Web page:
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NATO wants to push back against China, but members’ military spending still lags behind

NATO, in a policy document adopted during leaders' summit in Madrid last week, said China's 'coercive policies challenge' interests, security and values of member states.

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New Delhi: The North Atlantic Treaty Organization (NATO) could struggle to fulfil its fresh commitment to push back against the People’s Republic of China, reveals data on defence expenditure by member states published by NATO and analysed by ThePrint.

According to the 2022 Strategic Concept, a policy document adopted at the NATO leaders’ summit held in Madrid in the last week of June, the military alliance believes that China’s “stated ambitions and coercive policies challenge” the “interests, security and values” of member states.

The policy document adds: “The PRC’s malicious hybrid and cyber operations and its confrontational rhetoric and disinformation target Allies and harm Alliance security. The PRC seeks to control key technological and industrial sectors, critical infrastructure, and strategic materials and supply chains.”

However, the Strategic Concept declares Russia to be the most “most significant” and “direct” threat to NATO.

While the policy document underlines the alliance’s intent as a unified bloc, there seems to be a mismatch between NATO’s bellicose posturing and defence spending by member states in recent years.

Data from NATO’s defence expenditure (2014-2022) report shows that excluding the United States, most European member states have failed to spend 2 per cent of GDP (Gross Domestic Product) on defence, a commitment they made 16 years ago.

This means that the majority of allies fall short of meeting the target. The 2 per cent is a floor pricing rather than a ceiling, leaving ample scope for states to spend more if they feel the need to do so.

According to the report, NATO member states, excluding the US, spent on average 1.64 per cent of GDP on defence in 2022, up marginally from 1.43 per cent in 2014. 

Also Read: India has interests on both sides of US-China divide. Cold War holds clues for path ahead

Defence spending of Europe’s top 4

Germany, counted among the four major economies of Europe, has fallen short of allocating 2 per cent of its GDP to defence expenditure repeatedly since 2014. In 2014, Germany’s defence expenditure accounted for 1.19 per cent of GDP; it’s expected to be 1.44 per cent in 2022.

France has only met the 2 per cent threshold once since 2014, in 2020. Compared to 2014, when France’s defence spending accounted for 1.82 per cent of GDP, the figure is expected to touch 1.90 per cent in 2022.

Italy, too, has repeatedly fallen short of meeting the 2 per cent threshold since 2014, when its defence expenditure accounted for 1.14 per cent of GDP. Estimates suggest that the figure is expected to climb to 1.54 per cent in 2022.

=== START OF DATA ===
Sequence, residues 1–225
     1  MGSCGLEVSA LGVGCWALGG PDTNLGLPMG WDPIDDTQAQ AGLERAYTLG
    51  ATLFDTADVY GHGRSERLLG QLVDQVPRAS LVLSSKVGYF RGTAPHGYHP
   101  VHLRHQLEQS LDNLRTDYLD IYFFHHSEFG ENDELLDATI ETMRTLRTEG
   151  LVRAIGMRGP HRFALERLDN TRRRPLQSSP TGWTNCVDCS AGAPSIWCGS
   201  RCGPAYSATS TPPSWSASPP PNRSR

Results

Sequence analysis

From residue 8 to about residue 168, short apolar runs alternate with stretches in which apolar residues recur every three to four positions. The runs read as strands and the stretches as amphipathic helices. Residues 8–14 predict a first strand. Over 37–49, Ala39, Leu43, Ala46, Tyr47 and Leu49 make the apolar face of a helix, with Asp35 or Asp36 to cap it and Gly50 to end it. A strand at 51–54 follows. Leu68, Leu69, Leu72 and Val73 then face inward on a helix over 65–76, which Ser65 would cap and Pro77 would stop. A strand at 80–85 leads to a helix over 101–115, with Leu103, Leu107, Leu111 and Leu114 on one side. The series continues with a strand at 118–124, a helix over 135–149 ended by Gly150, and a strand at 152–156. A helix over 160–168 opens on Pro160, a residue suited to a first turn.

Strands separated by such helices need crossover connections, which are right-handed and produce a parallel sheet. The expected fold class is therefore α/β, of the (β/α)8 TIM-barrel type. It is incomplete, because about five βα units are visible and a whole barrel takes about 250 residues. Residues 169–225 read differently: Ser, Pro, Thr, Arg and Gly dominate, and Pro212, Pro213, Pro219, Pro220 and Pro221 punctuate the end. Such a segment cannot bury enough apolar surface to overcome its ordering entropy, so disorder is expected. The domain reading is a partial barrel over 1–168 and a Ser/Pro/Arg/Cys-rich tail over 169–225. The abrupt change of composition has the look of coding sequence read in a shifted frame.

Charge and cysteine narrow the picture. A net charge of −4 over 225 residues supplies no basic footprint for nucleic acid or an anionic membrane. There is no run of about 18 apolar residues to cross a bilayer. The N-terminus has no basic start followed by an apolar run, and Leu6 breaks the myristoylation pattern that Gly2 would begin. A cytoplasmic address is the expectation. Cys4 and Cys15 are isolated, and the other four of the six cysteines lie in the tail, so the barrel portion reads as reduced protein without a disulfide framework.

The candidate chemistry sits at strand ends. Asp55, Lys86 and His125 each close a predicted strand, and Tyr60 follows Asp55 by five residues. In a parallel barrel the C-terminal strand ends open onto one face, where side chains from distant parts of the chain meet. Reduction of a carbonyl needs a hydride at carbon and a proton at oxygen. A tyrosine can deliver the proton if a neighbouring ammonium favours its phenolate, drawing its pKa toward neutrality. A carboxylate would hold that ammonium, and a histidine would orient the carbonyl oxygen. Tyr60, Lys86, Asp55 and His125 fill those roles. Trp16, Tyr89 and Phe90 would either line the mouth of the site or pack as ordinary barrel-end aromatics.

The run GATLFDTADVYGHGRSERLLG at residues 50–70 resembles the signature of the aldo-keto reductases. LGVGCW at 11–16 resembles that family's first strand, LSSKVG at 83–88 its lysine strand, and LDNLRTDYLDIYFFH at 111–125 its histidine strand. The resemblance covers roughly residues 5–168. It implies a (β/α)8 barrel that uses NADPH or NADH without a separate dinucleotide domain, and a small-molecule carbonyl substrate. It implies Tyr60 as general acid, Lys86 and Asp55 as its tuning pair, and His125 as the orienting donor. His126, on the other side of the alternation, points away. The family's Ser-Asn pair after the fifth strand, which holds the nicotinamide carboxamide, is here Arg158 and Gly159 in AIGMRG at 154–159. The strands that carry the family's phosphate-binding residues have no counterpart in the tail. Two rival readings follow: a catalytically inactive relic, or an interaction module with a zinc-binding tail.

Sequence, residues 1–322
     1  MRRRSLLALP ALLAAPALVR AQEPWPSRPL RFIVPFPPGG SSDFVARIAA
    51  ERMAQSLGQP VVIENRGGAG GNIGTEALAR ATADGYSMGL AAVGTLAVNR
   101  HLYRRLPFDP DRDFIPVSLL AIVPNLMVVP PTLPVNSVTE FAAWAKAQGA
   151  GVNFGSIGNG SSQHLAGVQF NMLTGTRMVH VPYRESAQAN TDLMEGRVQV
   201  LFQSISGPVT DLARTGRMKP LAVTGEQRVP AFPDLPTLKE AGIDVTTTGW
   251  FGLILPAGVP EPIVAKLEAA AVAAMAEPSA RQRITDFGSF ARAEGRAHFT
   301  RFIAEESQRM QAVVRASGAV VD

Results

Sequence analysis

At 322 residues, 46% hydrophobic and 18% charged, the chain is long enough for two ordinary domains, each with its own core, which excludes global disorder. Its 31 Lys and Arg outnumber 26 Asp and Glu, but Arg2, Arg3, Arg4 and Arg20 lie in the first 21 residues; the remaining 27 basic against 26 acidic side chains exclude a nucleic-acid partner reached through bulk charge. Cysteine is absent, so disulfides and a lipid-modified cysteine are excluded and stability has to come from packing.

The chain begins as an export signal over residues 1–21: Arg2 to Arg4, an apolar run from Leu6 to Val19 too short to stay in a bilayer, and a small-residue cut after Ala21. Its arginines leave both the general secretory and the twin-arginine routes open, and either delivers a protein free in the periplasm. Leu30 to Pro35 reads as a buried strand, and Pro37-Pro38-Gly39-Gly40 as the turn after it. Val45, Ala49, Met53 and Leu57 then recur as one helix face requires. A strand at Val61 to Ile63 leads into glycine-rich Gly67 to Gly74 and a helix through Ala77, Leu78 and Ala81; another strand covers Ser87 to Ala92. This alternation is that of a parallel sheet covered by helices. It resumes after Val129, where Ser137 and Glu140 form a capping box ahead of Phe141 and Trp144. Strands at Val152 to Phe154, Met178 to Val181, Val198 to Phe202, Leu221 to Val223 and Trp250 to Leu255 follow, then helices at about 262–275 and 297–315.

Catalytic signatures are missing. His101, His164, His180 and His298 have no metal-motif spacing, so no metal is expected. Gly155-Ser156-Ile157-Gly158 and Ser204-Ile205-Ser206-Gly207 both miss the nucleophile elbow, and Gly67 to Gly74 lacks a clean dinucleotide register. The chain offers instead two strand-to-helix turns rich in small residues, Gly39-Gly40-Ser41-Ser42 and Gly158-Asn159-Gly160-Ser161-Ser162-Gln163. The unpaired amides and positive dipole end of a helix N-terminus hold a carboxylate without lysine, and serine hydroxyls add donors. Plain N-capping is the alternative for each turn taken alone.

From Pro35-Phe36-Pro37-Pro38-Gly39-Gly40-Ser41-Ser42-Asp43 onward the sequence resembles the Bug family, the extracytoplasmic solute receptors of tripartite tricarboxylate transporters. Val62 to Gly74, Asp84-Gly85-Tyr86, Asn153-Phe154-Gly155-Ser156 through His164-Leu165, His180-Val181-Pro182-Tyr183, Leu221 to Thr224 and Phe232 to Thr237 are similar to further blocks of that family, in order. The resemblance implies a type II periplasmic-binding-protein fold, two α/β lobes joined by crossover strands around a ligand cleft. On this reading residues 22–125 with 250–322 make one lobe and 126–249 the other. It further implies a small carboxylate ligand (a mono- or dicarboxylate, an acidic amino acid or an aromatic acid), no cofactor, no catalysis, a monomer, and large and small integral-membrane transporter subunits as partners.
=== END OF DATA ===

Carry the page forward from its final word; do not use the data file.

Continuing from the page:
The United Kingdom has emerged as the only big European economy part of NATO to consistently meet the 2 per cent mark since 2014. In 2014, the UK’s defence expenditure accounted for 2.13 per cent of its GDP, and it’s expected to be 2.12 per cent in 2022.

China’s defence spending

On the other hand, data from the Center for Strategic & International Studies (CSIS), a Washington-based think tank, shows that China — NATO’s new-found adversary — increased its defence expenditure by 75.05 per cent to $229.5 billion in 2022, from $131.1 billion in 2014.

China’s defence spending, as a share of GDP, has hovered around the 2 per cent mark during this period.

In contrast, NATO member states (excluding the US) have collectively increased their defence expenditure by only 27.23 per cent, from $289.275 billion in 2014 to $368.045 billion in 2022.

While comparing defence spending by a whole bloc with that of a single country may pose methodological questions, it reflects a larger trend of reduced military expenditure in the West over the past few decades that many attribute to the “peace dividend” in a post-Cold War Europe.

NATO stronger than ever?

Speaking at the NATO leaders’ summit in Madrid last week, US President Joe Biden, alluding to Sweden and Finland’s impending membership of the military alliance, had said that NATO would be “stronger than ever” with the induction of the two countries.

NATO leaders also decided on two more key measures that reflect the alliance’s increased commitment and unity as a bloc: a seven-fold increase in the number of NATO troops on high alert and the decision to set up a permanent base for American boots in Eastern Europe.

These measures fit into a larger narrative that Russia’s invasion of Ukraine has united NATO in a manner not seen since the days of the Cold War. But this unity does not reflect in military expenditure by NATO member states.

Speaking at a conference ahead of the leaders’ summit in Madrid last week, NATO Secretary-General Jens Stoltenberg had explained that only nine allies “have reached or exceeded the 2 per cent” threshold for defence expenditure in the year 2022.

Stoltenberg added that “19 allies have set a target of reaching the benchmark by 2024”, while five more member states have pledged to fulfil their commitment after 2024. 

With a direct knock-on effect of the war in Ukraine prompting a sudden increase in defence budgets across Europe, it remains to be seen whether NATO states will fulfil the commitments that found mention in Stoltenberg’s address.

(Edited by Amrtansh Arora)

Also Read: Why Turkey’s rise in Russia-Ukraine war is a masterclass in balancing, hedging strategy


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